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Recently, there have been news going around regarding "CVE-2014-6271" (See USN-2362-1), which is a vulnerability in Bash. How do I know if I am affected by this, how can I fix it, and why should I care?

This is designed as a canonical answer for this vulnerability, due to its scope and severity.

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18  
"how do I fix it?" -> just run your upgrade manager! Really, Ubuntu releases security updates, there's a dedicated security team. Please don't post answers about building Bash from source!; it's needlessly complicated and harder to maintain your system in the future. – gertvdijk Sep 25 '14 at 8:26
5  
Plus, also the additional CVE for the incomplete fix. CVE-2014-7169 – gertvdijk Sep 25 '14 at 9:23
18  
Please do post answers about building from source. Whether they should or not, some people have ancient Ubuntu servers, and building from source may be their only option. – GaryO Sep 25 '14 at 14:59
3  
oops, sorry I just realised I put bash instead of dash in the test. Never mind it's fine. – Matt H Sep 25 '14 at 20:04
4  
Read: oss-sec: Re: CVE-2014-6271: remote code execution through bash. Bash bug still hasn't been fixed – blade19899 Sep 27 '14 at 14:20
up vote 124 down vote accepted

What is Bash?

Bash is the default interactive shell in Ubuntu. When you are interfacing with the terminal (either through the terminal emulator, over a tty, or ssh), you are generally typing commands that bash will read, and execute. Even if you do not use the terminal at all, you still have Bash.

On Ubuntu, /bin/sh is not bash (it is dash). Only bash is affected by this vulnerability.

How does the exploit affect me?

Bash and the OS keep track of a set of environment variables that describe the current logged-on user, where to look for programs on the hard disk, and other such functions. By crafting an environment variable with a specific structure, an attacker might be able to execute code next time Bash starts.

The attacker can set that environment variable multiple ways:

  • Remotely connect to a service such as SSH with a specific setup such as git over ssh. As Mitre warns, the use of the sshd ForceCommand option is an attack vector. Accounts whose shell isn't bash aren't affected.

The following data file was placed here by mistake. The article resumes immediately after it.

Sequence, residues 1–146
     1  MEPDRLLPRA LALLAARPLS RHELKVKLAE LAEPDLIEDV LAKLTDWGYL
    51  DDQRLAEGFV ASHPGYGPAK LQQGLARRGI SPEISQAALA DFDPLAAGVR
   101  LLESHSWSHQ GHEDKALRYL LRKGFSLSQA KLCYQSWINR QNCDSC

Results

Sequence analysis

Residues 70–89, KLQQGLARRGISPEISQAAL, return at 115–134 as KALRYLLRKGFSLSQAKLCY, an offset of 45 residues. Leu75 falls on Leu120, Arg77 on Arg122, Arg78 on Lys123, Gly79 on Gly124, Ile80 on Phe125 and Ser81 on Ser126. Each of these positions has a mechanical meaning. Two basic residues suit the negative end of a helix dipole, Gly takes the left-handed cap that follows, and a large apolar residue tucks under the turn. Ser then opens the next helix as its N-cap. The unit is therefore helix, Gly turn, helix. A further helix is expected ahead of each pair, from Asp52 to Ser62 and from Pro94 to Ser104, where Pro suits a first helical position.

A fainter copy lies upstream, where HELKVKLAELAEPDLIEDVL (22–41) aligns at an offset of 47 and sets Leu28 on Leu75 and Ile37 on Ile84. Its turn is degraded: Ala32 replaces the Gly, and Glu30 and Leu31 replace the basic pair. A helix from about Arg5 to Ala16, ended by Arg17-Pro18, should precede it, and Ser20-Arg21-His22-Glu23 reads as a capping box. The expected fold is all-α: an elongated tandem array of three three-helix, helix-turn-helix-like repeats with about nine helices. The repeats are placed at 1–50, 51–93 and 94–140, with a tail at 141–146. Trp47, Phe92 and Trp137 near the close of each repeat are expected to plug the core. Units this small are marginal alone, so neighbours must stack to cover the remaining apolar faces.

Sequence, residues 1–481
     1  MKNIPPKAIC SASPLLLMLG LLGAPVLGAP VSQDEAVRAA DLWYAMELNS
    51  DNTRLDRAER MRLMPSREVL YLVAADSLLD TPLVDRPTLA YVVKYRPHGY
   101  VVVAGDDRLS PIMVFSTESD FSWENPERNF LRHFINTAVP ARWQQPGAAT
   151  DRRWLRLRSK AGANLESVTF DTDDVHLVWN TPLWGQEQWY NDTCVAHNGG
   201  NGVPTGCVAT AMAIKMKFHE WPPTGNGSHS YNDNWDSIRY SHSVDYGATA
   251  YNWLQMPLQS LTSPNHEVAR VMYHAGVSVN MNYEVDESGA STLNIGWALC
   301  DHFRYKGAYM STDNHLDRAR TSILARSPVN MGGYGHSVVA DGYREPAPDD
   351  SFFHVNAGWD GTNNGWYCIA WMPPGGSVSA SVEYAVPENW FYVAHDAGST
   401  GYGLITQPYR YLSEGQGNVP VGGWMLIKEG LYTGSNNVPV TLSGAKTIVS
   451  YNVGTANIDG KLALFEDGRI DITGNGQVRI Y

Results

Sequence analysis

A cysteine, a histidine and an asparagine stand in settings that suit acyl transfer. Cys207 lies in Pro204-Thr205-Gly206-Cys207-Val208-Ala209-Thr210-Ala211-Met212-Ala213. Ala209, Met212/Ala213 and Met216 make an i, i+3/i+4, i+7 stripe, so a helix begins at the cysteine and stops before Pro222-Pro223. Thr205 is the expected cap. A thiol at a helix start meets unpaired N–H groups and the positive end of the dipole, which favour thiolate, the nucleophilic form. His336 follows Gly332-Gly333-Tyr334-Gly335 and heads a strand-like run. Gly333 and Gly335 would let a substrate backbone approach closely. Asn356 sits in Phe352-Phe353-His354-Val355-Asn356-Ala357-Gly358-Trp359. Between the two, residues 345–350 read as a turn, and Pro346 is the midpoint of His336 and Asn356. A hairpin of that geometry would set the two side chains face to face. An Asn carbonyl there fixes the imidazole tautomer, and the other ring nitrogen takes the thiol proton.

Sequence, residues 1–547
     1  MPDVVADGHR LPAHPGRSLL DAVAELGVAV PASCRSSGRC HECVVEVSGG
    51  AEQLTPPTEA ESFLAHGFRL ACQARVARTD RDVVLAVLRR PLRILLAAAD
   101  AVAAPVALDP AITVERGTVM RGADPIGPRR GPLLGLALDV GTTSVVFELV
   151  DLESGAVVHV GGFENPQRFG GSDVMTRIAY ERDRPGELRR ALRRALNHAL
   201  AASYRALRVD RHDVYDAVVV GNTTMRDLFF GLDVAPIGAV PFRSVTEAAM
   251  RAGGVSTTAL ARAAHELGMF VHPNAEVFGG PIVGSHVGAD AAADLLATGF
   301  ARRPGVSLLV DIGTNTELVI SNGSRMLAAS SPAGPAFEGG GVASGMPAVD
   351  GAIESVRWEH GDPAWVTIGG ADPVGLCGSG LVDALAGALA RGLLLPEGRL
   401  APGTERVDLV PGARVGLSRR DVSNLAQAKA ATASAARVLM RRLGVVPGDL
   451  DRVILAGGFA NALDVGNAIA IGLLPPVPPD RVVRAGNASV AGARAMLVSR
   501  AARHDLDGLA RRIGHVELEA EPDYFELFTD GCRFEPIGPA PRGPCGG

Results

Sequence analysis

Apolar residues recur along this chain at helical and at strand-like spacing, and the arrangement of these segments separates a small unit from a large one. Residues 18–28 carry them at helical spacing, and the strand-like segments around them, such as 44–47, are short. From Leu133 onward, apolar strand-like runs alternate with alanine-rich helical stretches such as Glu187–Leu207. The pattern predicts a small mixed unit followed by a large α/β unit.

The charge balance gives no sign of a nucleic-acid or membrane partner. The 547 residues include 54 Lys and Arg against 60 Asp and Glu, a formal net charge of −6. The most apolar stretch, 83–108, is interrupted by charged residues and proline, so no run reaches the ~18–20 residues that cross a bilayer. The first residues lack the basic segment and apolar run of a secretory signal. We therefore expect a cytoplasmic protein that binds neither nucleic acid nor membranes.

• Tricking you into setting the environment variable.
  • Causing another program to set an environment variable to have that crafted value. For example, you might have a webserver and script that needs to set an environment variable with specific user content. Even if that script creates its own, and doesn't touch other environment variables, it's enough. A single environment variable with any name and a crafted value is enough for the exploit to succeed.
  • Other ways I have not mentioned here.

Once they set this variable, the next time bash opens for any reason, your attacker's code will be run. This is especially fearsome with sudo -s, as it spawns bash as the super-user (an administrative user rule that has full control over your computer's data and programs). Even if you only start bash as a standard user, that user's files can be deleted.

It is important to note that even if you do not use bash yourself, many programs will spawn bash by themselves as part of their operation. Even in this case, you are vulnerable. However, Ubuntu's /bin/sh is not bash, so only programs that explicitly invoke bash and not the default scripting shell are affected.

According to Mitre:

vectors involving the ForceCommand feature in OpenSSH sshd, the mod_cgi and mod_cgid modules in the Apache HTTP Server, scripts executed by unspecified DHCP clients, and other situations in which setting the environment occurs across a privilege boundary from Bash execution.

Am I vulnerable?

Use dpkg to check your installed package version:

dpkg -s bash | grep Version

This will look up info on your bash package, and filter the output to only show you the version. The fixed versions are 4.3-7ubuntu1.4, 4.2-2ubuntu2.5, and 4.1-2ubuntu3.4.

For example, I see:

wlan1-loopback% dpkg -s bash | grep Version
Version: 4.3-7ubuntu1.4

and can determine that I am not vulnerable.

How do I update?

The standard update manager will offer you this update. This is a prime example of how security updates are important, no matter what OS you use or how well-maintained it is.

The USN Bulletin states that new versions have been released for Ubuntu 14.04 Trusty Tahr, 12.04 Precise Pangolin, and 10.04 Lucid Lynx. If you are not on one of these LTS versions, but are on a reasonably-recent version, you'll most likely be able to find a patched package.

First, check if you

If you are vulnerable, you should first grab the newest package lists: